What Happens If The IMF Accepts The Yuan?

image originally from www.eagle.co.ug By Kayleigh Yerdon, Summer 2015 Intern, Cornell University

On Friday, November 13th, the head of the International Monetary Fund (IMF), Christine Lagarde, gave the official green light for the Fund to accept China’s currency, the Yuan, as a reserve currency. Essentially, her recommendation to give the currency reserve status means that, if approved, the Yuan will become a “safe-haven” currency, or one that is held “in significant quantities by governments and institutions as a part of their foreign exchange reserves”. Currencies with reserve status are considered less likely to depreciate randomly or fluctuate greatly. In this case, the Yuan would stand alongside the US Dollar, the British Pound, the Japanese Yen and the Euro as one of the world’s strongest and most reliable and widely used currencies for international trade.

On November 30th, the board of the IMF will meet to decide whether or not to approve Lagarde’s recommendation and give the currency official reserve status. This would be the first currency added to the Special Drawing Rights basket – the reserve of IMF maintained assets used for foreign exchange – ever (since its creation in 1981). Basically, this could be a huge step for China; and we, as investors, are left wondering: what will happen if the IMF officially accepts the Yuan?

For starters, the acceptance of the Chinese Yuan as a hard currency would (at long last) imply a start to the re-stabilization of the Chinese economy. It is no secret that China, the world’s second largest economy, has recently dealt with great economic turmoil which led many economists and investors to question whether or not China's economy would collapse in late August of this year. Expert’s concern about sustained financial solvency earlier this year centered on positive economic results grounded in credit-driven booms, bubbles, and heightened consumer spending as the primary source of growth, among other things – all of which created economic volatility and instability. However, acceptance into the IMF as a reserve currency signifies the People’s Bank of China (the central bank) has committed to support and modify China’s financial system and to further open its markets to international investors – with a long-term goal of financial stability.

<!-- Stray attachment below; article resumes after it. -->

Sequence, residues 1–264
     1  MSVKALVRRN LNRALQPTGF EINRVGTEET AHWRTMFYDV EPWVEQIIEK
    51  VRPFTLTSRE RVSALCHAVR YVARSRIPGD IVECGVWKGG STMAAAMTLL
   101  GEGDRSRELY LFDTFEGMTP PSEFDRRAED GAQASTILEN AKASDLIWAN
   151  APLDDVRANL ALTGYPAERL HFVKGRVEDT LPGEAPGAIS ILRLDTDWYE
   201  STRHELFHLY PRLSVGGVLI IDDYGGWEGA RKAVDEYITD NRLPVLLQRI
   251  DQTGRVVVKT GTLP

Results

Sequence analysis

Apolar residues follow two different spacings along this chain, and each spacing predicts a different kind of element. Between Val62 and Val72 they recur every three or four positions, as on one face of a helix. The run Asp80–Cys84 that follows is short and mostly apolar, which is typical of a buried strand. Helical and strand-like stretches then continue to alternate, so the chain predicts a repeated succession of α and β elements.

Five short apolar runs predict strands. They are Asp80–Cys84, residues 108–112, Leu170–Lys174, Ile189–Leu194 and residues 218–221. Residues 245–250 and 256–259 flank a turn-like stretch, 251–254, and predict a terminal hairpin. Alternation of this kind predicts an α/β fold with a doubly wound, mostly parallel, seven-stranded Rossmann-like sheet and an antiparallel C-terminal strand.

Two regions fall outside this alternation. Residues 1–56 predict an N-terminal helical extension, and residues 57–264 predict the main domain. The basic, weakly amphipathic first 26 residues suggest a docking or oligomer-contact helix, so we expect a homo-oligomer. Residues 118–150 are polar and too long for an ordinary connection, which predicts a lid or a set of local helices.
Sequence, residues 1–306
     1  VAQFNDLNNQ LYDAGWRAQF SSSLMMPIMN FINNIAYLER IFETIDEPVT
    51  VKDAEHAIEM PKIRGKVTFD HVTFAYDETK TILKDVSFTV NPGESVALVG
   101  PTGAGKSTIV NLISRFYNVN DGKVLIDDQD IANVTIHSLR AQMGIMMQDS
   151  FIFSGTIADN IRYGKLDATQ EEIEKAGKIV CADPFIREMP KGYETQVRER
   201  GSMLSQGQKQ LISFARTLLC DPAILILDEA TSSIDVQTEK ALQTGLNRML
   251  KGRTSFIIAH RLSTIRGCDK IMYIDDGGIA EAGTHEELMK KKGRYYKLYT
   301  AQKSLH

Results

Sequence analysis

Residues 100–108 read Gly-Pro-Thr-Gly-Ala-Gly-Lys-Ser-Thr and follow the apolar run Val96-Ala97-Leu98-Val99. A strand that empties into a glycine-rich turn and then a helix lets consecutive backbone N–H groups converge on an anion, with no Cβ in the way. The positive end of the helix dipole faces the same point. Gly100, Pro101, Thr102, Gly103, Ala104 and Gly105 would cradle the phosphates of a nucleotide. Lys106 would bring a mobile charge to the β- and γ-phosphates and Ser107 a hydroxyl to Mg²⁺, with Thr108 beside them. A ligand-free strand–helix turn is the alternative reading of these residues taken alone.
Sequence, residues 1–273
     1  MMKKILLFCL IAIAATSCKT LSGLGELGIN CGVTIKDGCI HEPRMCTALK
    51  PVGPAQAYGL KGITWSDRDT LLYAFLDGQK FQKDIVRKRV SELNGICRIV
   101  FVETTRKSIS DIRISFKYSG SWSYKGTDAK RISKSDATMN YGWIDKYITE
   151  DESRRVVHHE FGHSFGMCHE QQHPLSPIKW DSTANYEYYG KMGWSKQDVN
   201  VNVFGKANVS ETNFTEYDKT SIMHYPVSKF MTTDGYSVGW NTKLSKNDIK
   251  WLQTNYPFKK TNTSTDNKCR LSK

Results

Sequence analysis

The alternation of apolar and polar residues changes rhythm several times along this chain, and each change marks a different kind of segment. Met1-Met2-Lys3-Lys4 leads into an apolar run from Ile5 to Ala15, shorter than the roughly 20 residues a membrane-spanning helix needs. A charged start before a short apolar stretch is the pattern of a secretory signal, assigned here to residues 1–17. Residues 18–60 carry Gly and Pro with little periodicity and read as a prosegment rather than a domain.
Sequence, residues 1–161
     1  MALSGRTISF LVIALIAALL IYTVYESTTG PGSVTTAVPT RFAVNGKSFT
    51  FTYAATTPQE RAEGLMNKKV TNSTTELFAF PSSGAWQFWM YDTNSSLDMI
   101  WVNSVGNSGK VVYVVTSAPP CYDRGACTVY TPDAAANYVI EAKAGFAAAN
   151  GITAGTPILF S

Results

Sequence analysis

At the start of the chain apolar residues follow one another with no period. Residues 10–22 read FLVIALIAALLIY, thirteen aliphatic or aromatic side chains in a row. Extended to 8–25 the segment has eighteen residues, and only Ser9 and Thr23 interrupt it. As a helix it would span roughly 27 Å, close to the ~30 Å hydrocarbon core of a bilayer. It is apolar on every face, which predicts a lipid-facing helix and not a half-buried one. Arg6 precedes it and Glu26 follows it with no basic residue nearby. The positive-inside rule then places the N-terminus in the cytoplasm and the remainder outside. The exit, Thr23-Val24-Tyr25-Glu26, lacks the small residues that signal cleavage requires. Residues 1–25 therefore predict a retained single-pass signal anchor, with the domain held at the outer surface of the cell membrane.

Furthermore, an additional and important benefit of acceptance into the IMF is that the people living in countries that issue reserve currencies can often purchase imports and borrow across borders more cheaply than people from countries without reserve currencies. This is due to the fact that most countries will keep a significant supply of reserve currencies as a measure of financial and foreign exchange stability, meaning that people who live in reserve-currency-issuing countries don’t need to exchange their currencies in order to trade. This reduces exchange risk for traders and makes international trade simpler. In China’s case, the acceptance of the Yuan could potentially stimulate the Chinese economy and the economies of the countries with which it trades.

In addition to the trade benefits, investors generally prefer investing in economies with hard currencies, as well – especially in times of great inflation or perceived risk – as they believe that these currencies are less likely to experience dramatic volatility. With IMF endorsement, Chinese investors may begin to feel more secure about investing both in China and abroad. Furthermore, many investors believe that inclusion into the Special Drawing Rights basket will “pave the way for foreign firms to sell bonds and shares in China” – possibly opening up global investing channels.

If approved on November 30th, the Yuan would not officially be included in the currency basket until October 2016 and the possible changes thereafter would be gradual. However, it’s always a good idea to look ahead and stay knowledgeable about the global markets, as changes like this could affect your investment portfolios.